US 7268783 B2 Abstract Image alias rejection when converting a high resolution rasterized waveform to a lower resolution rasterized waveform for display uses a statistical filter. The statistical filter provides a shaped probability density function either by combining the outputs of multiple random number generators, such as linear feedback shift registers, or by using a corresponding look-up table to produce a dither signal. The statistical filter may be applied to one or both of the dimensional values for each data point of the high resolution rasterized waveform by combining the dimensional values with the dither signal. The resulting filtered dimensional values may then be subsampled, such as by truncation, to produce values for a lower resolution rasterized waveform display.
Claims(4) 1. An apparatus for image alias rejection of a high resolution rasterized waveform comprising:
means for generating a shaped dither signal;
means for summing the shaped dither signal with a dimensional component value of each data point for the high resolution rasterized waveform to produce filtered data point values; and
means for subsampling the filtered data point values to produce a desired lower resolution rasterized waveform for display.
2. The apparatus as recited in
a plurality of linear feedback shift registers, each producing a random number output; and
means for summing the random number outputs to produce the shaped dither signal.
3. The apparatus as recited in
4. A method of image alias rejection for a high resolution rasterized waveform comprising the steps of:
generating a shaped dither signal;
summing the shaped dither signal with a dimensional component value of each data point for the high resolution rasterized waveform to produce filtered data point values; and
subsampling the filtered data point values to produce a desired lower resolution rasterized waveform for display.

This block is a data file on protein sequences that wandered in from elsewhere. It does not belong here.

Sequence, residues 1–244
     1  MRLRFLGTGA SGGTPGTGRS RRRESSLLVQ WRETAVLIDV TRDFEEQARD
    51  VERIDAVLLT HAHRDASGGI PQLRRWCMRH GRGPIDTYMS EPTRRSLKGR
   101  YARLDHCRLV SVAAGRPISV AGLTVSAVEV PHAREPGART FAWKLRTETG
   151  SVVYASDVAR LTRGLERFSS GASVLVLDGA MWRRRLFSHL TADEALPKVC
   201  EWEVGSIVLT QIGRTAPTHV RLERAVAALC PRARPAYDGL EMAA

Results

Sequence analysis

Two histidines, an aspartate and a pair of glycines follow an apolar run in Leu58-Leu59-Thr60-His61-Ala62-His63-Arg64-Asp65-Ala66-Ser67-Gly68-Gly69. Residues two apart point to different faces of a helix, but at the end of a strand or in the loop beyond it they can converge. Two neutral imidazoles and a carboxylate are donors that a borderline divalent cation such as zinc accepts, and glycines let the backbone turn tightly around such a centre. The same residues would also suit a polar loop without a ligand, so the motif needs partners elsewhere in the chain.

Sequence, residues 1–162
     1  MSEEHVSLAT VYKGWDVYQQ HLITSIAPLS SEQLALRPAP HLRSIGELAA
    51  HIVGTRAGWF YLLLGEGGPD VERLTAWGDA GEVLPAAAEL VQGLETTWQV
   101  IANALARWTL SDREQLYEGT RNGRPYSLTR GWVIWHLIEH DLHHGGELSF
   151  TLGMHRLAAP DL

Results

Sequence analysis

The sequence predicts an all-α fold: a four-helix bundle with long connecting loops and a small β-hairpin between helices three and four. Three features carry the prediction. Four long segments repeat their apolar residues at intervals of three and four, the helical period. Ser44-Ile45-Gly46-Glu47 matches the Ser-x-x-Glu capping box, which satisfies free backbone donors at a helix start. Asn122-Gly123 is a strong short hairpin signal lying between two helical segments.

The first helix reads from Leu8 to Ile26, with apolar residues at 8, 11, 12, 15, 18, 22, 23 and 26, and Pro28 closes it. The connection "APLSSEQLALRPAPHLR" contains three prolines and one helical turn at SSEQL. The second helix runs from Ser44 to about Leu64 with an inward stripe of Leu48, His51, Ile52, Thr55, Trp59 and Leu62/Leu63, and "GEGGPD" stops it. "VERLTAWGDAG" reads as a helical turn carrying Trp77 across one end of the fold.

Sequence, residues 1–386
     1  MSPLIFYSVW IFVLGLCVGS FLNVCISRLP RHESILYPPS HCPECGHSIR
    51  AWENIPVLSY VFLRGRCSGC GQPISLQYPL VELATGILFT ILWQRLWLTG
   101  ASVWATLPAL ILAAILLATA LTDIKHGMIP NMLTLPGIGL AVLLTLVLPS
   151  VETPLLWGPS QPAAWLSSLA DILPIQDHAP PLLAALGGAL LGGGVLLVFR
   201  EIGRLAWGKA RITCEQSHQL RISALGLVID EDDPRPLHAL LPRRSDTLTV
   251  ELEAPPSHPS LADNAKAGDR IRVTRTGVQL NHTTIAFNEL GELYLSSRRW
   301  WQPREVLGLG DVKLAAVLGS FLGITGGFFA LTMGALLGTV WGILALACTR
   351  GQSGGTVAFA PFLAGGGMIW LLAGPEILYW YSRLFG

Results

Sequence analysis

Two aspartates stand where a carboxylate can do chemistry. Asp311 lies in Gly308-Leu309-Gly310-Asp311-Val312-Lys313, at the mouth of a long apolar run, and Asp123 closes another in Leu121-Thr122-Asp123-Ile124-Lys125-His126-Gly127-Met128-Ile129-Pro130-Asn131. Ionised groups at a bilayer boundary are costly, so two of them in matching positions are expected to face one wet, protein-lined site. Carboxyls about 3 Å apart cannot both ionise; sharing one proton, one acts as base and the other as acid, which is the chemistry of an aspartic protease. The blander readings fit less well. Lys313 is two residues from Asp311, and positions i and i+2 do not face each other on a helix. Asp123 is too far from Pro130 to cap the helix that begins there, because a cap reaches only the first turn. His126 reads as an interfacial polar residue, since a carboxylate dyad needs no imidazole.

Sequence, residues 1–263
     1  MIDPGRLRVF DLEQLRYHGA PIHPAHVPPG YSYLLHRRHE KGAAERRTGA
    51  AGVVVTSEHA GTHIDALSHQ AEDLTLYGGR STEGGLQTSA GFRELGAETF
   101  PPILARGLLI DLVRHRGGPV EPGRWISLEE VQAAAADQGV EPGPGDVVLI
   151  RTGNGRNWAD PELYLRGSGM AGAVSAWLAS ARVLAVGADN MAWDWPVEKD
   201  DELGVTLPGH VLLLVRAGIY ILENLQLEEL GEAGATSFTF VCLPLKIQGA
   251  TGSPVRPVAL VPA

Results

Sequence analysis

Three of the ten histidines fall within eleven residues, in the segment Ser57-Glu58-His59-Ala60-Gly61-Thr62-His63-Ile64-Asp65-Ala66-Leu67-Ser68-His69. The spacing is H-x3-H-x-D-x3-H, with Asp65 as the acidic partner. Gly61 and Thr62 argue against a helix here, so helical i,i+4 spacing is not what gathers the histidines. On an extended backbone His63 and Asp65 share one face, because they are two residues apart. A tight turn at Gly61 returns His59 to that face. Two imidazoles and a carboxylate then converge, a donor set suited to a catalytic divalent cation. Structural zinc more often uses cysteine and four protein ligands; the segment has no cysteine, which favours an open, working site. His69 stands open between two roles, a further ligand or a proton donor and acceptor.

Description The present invention relates to video processing, and more particularly to a method of image alias rejection using shaped statistical filtering in a waveform rasterizer. There is a well-known problem in waveform rasterization that, when rasterizing a high resolution waveform onto a limited resolution display, an artifact appears that is sometimes called “jaggies”. There are existing “dejaggie” algorithms for line drawing, such as that described in U.S. Pat. No. 4,586,037 by Harvey J. Rosener et al issued Apr. 29, 1986 and entitled “Raster Display Smooth Line Generation”, but with video waveforms generally are not lines. The jaggies seen in a rasterized waveform, which is a bit-map display, may be understood as the spatial aliases of an undersampled image. If the waveform is originally rasterized in a much higher resolution, such as 2048×2048, then is subjected to an appropriate spatial low pass filter which “smears” the points over several neighboring pixels of the raster, and then is subsampled to the desired display resolution, such as 640×480, this removes the jaggies. However for this approach the high resolution image needs a very large raster memory. This memory also needs to be very fast due to the needs of waveform rasterization. Rasterization works by building up an image of plotted x-y values. Each new x-y data point, where x may represent time and y may represent amplitude, adds to the image which is then scanned out in a raster fashion for further processing and/or display. In an ideal rasterizer a new data point may be plotted anywhere in the image without regard to where a previous data point was plotted. One way to deal with the need for low pass filtering is to subject each new input data point to a spatial low pass filter and then plot the outputs of the spatial filter in the desired display resolution memory. However if a 2×2 spatial kernel is used, which is the smallest practical, four memory cycles are needed to plot the output of the spatial filter. Memory bandwidth is often the limiting item in rasterization, so doing four times as many memory cycles is not what is desired. What is desired is image alias rejection that minimizes the number of display memory cycles. Accordingly the present invention provides a method of image alias rejection using shaped statistical filtering in a waveform rasterizer which eliminates the need for a high resolution memory and does not use multiplication. High resolution “X” and “Y” data are each combined with a dither value from a shaped random number generator. The combined “X” and “Y” values are then truncated as appropriate for a lower resolution display and stored in a display raster memory. The objects, advantages and other novel features of the present invention are apparent from the following detailed description when read in conjunction with the appended claims and attached drawing. The present invention addresses the image alias rejection problem by filtering with a shaped statistical filter. A simple one-dimensional example is shown in The statistical filter places each data point into a single bin based on the probability density function of the filter. Over time the ensemble response of the filter resembles a traditional filter with an impulse response matching the probability density function of the statistical filter. Examples range from a uniform probability density function corresponding to a rectangular impulse response generated by a single random number generator, to a Gaussian random number generator producing an equivalent gaussian impulse response. This gaussian random number generator may be implemented using the central limit theorem by summing the outputs of several independent and identically distributed random number generators, as shown in Referring now to As shown as an example in The shaped random number generator The dither signal from the RNG register Referring now to Thus the present invention provides image alias rejection using a statistical filter for a rasterized waveform image by taking the “X” and/or “Y” data point values and combining them with a dither signal from a shaped random number generator, the result being subsampled or truncated to a desired lower resolution for display. Patent Citations